DC League of Super-Pets. Let the record show that my first ever cinema date involved a talking superhero dog voiced by The Rock. Me and my BGB loaded up on expensive snacks, reclined in fancy chairs, and had the most wonderful time together. Cute, funny, sweet, gorgeous to look at — the film wasn’t bad either. (August 1st; 8/10)

Where the Crawdads Sing. Weird how an international bestseller has been used as a two-hour contextualisation for the new Taylor Swift song. It’s an okay adaptation of a decent summer read. Filtered through the young adult romance lens, these marsh dwellers are generically beautiful people — the two male rivals could pass as twins. (July 27th; 6/10)

The Gray Man. James Bland. At least I got the full Netflix experience: alone, in a darkened room, pissing about on my phone while content played in the background. (July 25th; 4/10)

Brian and Charles. An unreality so cringingly quirky and saccharine, my teeth floated into space. (July 21st; 5/10)

Thor: Love and Thunder. Less Guns N’ Roses, more Steel Panther. Superhero films should be campy; …Love and Thunder comes close to the 1997 peak - ridiculous dialogue, a GOAT running joke, Mr Freeze (played by Marilyn Manson?!), a misguided cancer subplot - and as such I found it hilarious. Just a little undercooked, that’s all. (July 15th; 7/10)

Tigers. A bleak exploration of the professional and personal pressures bestowed upon young footballers and the dark behaviour it can induce. The only difference between these athletes and animals in a travelling circus is hyper-capitalism. (July 6th; 8/10)

Good Luck to You, Leo Grande. Sex! Now that I’ve got your attention, I recommend this charming little should-be stage play. (June 30th; 7/10)

Elvis. Engaging if hellishly flawed and over-directed. Austin Butler embodies Presley. Tom Hanks, though, is such a pantomime villain. I’m surprised the Colonel didn’t tie Elvis to railroad tracks before twiddling his moustache and maniacally laughing. (June 30th; 6/10)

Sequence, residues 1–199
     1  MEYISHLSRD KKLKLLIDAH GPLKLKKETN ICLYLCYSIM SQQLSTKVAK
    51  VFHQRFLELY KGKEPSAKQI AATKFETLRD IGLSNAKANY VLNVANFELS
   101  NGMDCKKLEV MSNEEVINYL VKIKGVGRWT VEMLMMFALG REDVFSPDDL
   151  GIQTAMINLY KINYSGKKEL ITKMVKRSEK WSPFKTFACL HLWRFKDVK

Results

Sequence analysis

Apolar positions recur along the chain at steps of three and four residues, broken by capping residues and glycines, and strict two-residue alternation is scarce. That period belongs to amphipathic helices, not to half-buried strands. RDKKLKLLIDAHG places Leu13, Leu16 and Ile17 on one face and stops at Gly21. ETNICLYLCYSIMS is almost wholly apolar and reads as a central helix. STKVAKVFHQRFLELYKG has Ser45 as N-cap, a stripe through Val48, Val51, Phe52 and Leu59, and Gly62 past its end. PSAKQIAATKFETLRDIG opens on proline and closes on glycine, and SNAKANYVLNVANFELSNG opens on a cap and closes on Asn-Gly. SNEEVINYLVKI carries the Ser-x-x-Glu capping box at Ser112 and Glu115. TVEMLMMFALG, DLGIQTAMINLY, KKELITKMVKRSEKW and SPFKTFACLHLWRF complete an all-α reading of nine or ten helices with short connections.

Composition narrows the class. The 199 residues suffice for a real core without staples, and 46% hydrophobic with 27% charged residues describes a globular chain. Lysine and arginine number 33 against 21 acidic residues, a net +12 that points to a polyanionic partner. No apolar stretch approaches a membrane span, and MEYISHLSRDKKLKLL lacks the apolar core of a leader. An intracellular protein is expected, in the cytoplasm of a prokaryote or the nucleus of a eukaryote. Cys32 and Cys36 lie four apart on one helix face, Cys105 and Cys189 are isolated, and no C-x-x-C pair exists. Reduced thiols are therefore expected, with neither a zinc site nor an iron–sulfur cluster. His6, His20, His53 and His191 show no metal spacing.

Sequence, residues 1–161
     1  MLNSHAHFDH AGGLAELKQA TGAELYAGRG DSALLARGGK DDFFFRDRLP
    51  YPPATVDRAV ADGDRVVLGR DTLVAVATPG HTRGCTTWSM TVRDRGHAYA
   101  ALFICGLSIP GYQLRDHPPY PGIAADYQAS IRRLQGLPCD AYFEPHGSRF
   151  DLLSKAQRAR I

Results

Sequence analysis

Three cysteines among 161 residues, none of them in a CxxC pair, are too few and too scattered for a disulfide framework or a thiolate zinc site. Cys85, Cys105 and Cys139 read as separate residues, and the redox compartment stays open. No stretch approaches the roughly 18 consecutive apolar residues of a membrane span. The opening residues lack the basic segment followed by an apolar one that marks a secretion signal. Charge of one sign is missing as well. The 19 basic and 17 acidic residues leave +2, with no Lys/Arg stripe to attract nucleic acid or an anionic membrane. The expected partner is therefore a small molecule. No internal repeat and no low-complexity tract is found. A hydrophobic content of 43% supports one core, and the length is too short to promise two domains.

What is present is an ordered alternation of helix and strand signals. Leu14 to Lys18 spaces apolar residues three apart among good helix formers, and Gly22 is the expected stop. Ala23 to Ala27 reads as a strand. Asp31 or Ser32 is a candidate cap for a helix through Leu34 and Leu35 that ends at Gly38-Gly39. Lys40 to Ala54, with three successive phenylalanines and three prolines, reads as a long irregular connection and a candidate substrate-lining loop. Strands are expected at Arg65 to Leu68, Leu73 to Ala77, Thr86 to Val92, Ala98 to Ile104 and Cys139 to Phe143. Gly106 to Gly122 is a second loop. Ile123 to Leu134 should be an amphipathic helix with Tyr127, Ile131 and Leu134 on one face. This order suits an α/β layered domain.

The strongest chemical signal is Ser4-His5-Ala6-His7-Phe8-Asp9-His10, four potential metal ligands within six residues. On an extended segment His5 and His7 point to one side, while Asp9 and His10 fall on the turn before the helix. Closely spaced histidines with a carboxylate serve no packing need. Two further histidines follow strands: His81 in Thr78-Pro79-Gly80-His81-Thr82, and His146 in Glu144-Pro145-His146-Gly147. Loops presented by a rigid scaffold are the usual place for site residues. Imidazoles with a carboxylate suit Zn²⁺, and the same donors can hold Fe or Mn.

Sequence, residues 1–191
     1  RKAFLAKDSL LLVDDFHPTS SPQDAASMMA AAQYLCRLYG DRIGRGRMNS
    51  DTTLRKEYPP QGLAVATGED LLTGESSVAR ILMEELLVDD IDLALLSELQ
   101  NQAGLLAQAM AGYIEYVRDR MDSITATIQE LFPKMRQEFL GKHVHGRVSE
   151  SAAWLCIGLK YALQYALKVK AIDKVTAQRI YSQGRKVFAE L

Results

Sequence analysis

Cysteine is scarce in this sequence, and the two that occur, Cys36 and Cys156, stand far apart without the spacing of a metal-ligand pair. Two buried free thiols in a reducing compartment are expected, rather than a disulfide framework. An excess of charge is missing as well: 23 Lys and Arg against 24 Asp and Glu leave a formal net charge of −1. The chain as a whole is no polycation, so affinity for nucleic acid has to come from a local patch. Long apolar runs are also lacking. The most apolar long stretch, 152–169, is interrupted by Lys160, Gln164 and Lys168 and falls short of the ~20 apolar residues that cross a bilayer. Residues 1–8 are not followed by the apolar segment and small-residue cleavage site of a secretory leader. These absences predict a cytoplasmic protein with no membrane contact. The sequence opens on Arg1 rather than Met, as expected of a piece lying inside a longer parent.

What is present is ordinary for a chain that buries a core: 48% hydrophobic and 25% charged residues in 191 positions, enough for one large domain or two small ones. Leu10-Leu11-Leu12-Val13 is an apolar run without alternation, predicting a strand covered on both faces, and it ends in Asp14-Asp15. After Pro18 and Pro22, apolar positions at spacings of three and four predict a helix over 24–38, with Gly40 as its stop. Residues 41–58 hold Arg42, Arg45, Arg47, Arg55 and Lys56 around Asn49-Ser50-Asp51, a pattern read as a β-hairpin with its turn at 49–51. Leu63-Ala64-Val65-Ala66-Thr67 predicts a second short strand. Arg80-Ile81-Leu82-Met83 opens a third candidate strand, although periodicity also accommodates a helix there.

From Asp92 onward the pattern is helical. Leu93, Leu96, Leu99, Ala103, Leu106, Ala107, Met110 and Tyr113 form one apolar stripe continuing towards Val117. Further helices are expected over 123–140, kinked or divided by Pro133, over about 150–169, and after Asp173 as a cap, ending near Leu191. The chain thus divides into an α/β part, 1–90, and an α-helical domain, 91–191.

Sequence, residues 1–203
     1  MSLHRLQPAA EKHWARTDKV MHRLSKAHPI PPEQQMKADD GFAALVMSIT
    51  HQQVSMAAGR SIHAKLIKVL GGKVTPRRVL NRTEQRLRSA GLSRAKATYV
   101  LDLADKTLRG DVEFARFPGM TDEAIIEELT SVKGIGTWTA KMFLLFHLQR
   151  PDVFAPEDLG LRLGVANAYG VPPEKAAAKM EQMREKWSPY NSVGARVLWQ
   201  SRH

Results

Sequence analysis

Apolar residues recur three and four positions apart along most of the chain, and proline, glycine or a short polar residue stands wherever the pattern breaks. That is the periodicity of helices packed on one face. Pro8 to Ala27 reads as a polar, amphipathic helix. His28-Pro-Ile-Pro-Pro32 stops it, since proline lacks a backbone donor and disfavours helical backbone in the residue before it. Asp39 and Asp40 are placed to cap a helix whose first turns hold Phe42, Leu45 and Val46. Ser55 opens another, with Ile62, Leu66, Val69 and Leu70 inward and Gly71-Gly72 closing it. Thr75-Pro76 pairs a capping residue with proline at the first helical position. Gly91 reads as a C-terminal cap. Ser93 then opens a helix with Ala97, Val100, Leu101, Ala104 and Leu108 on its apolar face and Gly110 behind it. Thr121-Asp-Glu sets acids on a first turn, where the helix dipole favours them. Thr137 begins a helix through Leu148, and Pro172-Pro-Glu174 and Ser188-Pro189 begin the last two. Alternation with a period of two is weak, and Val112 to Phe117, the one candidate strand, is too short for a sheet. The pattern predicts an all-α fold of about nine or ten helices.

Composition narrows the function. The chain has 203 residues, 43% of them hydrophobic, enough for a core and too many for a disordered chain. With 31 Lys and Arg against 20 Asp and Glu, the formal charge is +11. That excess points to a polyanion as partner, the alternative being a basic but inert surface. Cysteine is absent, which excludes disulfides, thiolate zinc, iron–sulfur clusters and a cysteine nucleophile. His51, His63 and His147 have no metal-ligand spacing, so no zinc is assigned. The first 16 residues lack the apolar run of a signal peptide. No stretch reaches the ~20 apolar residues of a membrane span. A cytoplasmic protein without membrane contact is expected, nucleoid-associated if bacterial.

The Thing (1982). John Carpenter’s body horror masterpiece of terror, fear, isolation, madness, and paranoia in the endless Antarctica snow. The timeless special effects, claustrophobic visuals and soundtrack, and subtle hints casting doubt in the viewer’s mind create a repeatedly thrilling experience. The best horror remake ever, and up there as the best horror film outright. (June 29th; 10/10)

The Black Phone. An intense, damn fine take on the Stranger Things ‘kids on bikes’ genre that exploits fairly conventional horror tropes to their fullest potential. Can’t wait to review its six awful sequels for CineMortuary. (June 29th; 8/10)

Spring 2022 🌱

Spring 2022

Lightyear. A slight disconnect here in how a film “released in 1995” contains very 2022 characterisation — would Andy, as a totally rad 90s kid, have latched onto such an introspective Buzz Lightyear? Nonetheless, Buzz’s origin story is a straightforward space adventure; disposable like many of latter-day Pixar’s efforts, but spirited and fun. And, yes, I fell in love with Sox the cat. (June 20th; 7/10)

Jurassic World Dominion. After digging up fossils from the old trilogy, the 29 or so main characters with contrived motivations realise the biggest dinosaur of them all is this franchise. (June 15th; 3/10)

Robocop (1987). Glorious, blood-splattered violence on the big screen. I prefer The Running Man a smidge in the ‘meat-headed dystopia’ category, but both nail the coked-up lack of subtlety by our modern day oppressors. Always forget how tightly scripted Robocop is too; as lean as his suit is bulky. (June 6th; 9/10)

Men. A visceral piece on man’s worst traits and the dangers of letting Rory Kinnear loose in a sperm bank. Ouch on the metaphors, though — the first scene has a lady eating an apple from the forbidden tree FFS. (June 6th; 6/10)

Top Gun: Maverick. Old school cool with CGI: Cruise-Generated Imagery. (June 1st; 8/10)

Psycho (1960). Still imitable after all these years. Nothing else has come close to the tense soundtrack, the parentally warped villain, or that shower scene, has it? (May 30th; 10/10)

Everything Everywhere All At Once. A chaotic, visual feast that’s equal parts absurd, blisteringly funny, existentially sad, and more sincere about the human condition than ten Academy Award winning films combined. Plus, googly eyes. The greatest post-pandemic cinematic experience yet. (May 23rd; 9/10)

Firestarter. Perfunctory, woodenly acted, badly lit for that retro atheistic. The biggest scare comes from Zac Efron being old enough to play a Dad now. (May 18th; 4/10)

Doctor Strange in the Multiverse of Madness. Entertaining enough but Sam Raimi’s auteurship was overblown by the Disney PR machine. Infinite possibilities in Kevin Feige’s Multiverse of Corporate Blandness means making New York a bit greener and road testing some crappy IPs. (May 11th; 7/10)

© 2022 Chris Wilson